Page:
“She’s pregnant with her fifth, too, and still training for a marathon.”
“She’s farther along than I am, and they’re still keeping up a rigorous home-school schedule.
“Why can’t I manage to keep the house as organized as she does?”
The temptation to compare myself to others was strong in the final weeks of pregnancy. I would scroll through Instagram and see women who were seemingly “doing” better than I was because they were doing more. It’s easy to equate worth with work, and it’s something that I find I have to actively fight against, both when I can accomplish a lot, but especially when I cannot.
Thankfully, my husband and I have gotten into the habit of praying night prayer together each evening before bed. It’s a peaceful ritual that helps us to connect at the end of the day, both with God and with each other. It’s also an opportunity for God to speak to each of us through his living word. And boy does he.
The concluding prayer on Mondays has always been a favorite of mine.
“Lord, / give our bodies restful sleep / and let the work we have done today / bear fruit in eternal life. / We ask this through Christ Our Lord. / Amen.”
I had been struggling recently, and though I have prayed them hundreds of times before, these words spoke to me in a new way that night. As I approached the end of my fifth pregnancy, the actual work I was accomplishing each day became less and less. The house was messier, the children were more likely to get away with wearing the same shirt three days in a row, and dinners were less planned than they were thrown together. It’s easy to get discouraged when you look around and see only what has been left undone.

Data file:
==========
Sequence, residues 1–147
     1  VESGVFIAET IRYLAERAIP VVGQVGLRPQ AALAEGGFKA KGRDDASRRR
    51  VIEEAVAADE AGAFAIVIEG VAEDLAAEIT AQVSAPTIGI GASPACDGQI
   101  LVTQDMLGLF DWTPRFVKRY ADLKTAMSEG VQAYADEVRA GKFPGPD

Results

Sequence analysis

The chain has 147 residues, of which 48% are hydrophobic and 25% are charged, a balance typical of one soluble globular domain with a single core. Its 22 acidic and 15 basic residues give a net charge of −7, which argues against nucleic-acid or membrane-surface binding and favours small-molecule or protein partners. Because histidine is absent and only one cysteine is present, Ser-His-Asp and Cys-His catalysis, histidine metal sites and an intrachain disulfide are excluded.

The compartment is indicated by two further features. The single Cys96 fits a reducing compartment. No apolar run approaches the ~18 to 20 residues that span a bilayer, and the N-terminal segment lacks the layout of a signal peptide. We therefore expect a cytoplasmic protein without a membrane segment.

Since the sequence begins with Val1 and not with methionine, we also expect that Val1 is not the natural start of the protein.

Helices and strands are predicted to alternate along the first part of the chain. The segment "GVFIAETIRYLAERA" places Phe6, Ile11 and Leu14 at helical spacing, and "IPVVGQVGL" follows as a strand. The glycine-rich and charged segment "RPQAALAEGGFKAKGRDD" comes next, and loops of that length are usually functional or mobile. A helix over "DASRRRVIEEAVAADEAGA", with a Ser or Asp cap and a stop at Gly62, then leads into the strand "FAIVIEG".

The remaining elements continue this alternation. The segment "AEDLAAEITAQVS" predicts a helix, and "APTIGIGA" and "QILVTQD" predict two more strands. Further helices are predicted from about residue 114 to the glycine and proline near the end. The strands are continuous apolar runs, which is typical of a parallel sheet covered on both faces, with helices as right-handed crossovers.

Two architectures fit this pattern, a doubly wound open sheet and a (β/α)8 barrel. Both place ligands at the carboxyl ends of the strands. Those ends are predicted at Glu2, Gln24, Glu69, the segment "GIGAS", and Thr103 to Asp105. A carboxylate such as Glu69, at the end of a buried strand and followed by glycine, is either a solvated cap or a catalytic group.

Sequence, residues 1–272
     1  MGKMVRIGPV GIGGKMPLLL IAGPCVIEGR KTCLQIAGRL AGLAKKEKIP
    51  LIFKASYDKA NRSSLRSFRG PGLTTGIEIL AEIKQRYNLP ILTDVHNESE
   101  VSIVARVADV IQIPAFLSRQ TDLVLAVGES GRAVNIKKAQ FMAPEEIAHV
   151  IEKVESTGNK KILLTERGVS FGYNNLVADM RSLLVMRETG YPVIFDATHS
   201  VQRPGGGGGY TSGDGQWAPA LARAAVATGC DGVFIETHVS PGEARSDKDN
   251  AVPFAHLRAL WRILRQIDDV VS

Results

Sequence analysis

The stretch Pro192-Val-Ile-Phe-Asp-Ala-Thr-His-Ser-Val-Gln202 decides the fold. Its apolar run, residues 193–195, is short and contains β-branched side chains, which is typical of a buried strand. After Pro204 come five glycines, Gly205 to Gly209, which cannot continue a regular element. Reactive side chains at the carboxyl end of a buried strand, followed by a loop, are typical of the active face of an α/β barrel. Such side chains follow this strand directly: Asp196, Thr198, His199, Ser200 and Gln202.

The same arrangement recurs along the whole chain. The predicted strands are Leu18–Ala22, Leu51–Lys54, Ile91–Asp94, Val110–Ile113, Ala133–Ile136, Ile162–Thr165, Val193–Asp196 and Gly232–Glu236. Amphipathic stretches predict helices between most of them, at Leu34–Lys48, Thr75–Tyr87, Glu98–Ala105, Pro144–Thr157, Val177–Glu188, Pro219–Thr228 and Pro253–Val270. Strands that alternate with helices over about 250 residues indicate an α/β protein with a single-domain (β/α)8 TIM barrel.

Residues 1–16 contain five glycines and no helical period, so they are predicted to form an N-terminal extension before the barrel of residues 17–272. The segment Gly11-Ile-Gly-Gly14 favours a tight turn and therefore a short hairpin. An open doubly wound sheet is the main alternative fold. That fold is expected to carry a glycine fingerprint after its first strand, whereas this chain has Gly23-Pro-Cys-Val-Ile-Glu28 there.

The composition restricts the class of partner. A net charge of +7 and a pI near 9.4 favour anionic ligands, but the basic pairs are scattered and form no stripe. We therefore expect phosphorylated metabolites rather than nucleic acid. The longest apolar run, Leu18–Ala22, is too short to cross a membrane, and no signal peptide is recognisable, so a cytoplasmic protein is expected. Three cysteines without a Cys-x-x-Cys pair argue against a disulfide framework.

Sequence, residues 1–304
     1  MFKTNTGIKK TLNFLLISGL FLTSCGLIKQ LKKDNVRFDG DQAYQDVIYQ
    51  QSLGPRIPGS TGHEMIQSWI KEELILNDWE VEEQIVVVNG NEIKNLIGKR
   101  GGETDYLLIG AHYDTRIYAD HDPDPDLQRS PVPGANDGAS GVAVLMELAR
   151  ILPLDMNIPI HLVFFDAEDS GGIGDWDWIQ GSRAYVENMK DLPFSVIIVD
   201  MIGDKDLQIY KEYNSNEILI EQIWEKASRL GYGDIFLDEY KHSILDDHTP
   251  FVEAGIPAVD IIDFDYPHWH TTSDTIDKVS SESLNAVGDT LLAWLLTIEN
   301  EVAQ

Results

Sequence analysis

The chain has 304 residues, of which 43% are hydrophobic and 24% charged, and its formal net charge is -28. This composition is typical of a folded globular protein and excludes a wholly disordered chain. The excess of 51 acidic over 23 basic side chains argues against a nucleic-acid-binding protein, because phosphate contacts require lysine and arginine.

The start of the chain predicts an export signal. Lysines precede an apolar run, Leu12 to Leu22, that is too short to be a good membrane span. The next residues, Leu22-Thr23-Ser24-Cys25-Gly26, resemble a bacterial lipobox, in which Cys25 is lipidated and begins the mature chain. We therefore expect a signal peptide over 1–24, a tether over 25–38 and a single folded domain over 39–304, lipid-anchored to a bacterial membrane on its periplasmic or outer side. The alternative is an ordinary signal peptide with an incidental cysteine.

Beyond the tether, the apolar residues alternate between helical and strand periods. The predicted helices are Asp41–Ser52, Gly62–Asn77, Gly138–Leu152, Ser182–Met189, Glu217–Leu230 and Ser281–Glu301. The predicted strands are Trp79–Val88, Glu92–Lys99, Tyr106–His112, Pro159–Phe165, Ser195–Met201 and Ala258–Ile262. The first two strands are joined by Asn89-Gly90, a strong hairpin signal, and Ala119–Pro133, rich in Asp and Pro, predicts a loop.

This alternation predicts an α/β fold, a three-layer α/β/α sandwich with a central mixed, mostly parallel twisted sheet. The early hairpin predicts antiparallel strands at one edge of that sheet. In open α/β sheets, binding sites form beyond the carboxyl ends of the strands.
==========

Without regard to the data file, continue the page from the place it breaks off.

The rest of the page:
But in the quiet of prayer, God spoke to me anew in these words. As we prayed the line, “let the work we have done today,” my husband put his hand on my stomach where our daughter was kicking. In a moment of grace, God enlightened my heart yet again and reminded me that his measure of work and worth is not the number of tasks accomplished.
Pope St. John Paul II so eloquently said: “Human persons are willed by God; they are imprinted with God’s image. Their dignity does not come from the work they do, but from the persons they are” (Centesimus Annus, No. 11). In that moment of prayer with my husband, I remembered that not just does my daughter have dignity and worth within my womb, but that I, too, have dignity, worth and value, even if all I can accomplish in a day is resting on the couch.
As Catholics, we believe that every life has value. The U.S. bishops’ pastoral plan for pro-life activities tells us: “As a gift from God, every human life is sacred from conception to natural death. The life and dignity of every person must be respected and protected at every stage and in every condition. The right to life is the first and most fundamental principle of human rights that leads Catholics to actively work for a world of greater respect for human life and greater commitment to justice and peace.” But sometimes, we forget that being pro-life is more than just protecting the souls in the womb; it also means honoring and respecting all members of society — ourselves included.